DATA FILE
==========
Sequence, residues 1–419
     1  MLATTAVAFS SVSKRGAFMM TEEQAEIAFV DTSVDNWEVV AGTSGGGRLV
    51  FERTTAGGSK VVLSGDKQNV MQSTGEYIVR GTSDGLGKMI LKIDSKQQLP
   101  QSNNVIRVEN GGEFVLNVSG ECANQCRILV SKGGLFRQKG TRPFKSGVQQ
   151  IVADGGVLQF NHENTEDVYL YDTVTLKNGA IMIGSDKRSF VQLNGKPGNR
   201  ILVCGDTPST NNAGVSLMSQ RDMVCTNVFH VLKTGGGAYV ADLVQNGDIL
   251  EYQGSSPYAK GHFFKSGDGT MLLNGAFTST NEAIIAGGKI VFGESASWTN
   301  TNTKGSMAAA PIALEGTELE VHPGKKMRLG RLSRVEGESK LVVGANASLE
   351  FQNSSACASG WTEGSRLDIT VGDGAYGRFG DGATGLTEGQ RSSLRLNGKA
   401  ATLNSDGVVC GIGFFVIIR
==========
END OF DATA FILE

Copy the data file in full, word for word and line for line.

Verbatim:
Sequence, residues 1–419
     1  MLATTAVAFS SVSKRGAFMM TEEQAEIAFV DTSVDNWEVV AGTSGGGRLV
    51  FERTTAGGSK VVLSGDKQNV MQSTGEYIVR GTSDGLGKMI LKIDSKQQLP
   101  QSNNVIRVEN GGEFVLNVSG ECANQCRILV SKGGLFRQKG TRPFKSGVQQ
   151  IVADGGVLQF NHENTEDVYL YDTVTLKNGA IMIGSDKRSF VQLNGKPGNR
   201  ILVCGDTPST NNAGVSLMSQ RDMVCTNVFH VLKTGGGAYV ADLVQNGDIL
   251  EYQGSSPYAK GHFFKSGDGT MLLNGAFTST NEAIIAGGKI VFGESASWTN
   301  TNTKGSMAAA PIALEGTELE VHPGKKMRLG RLSRVEGESK LVVGANASLE
   351  FQNSSACASG WTEGSRLDIT VGDGAYGRFG DGATGLTEGQ RSSLRLNGKA
   401  ATLNSDGVVC GIGFFVIIR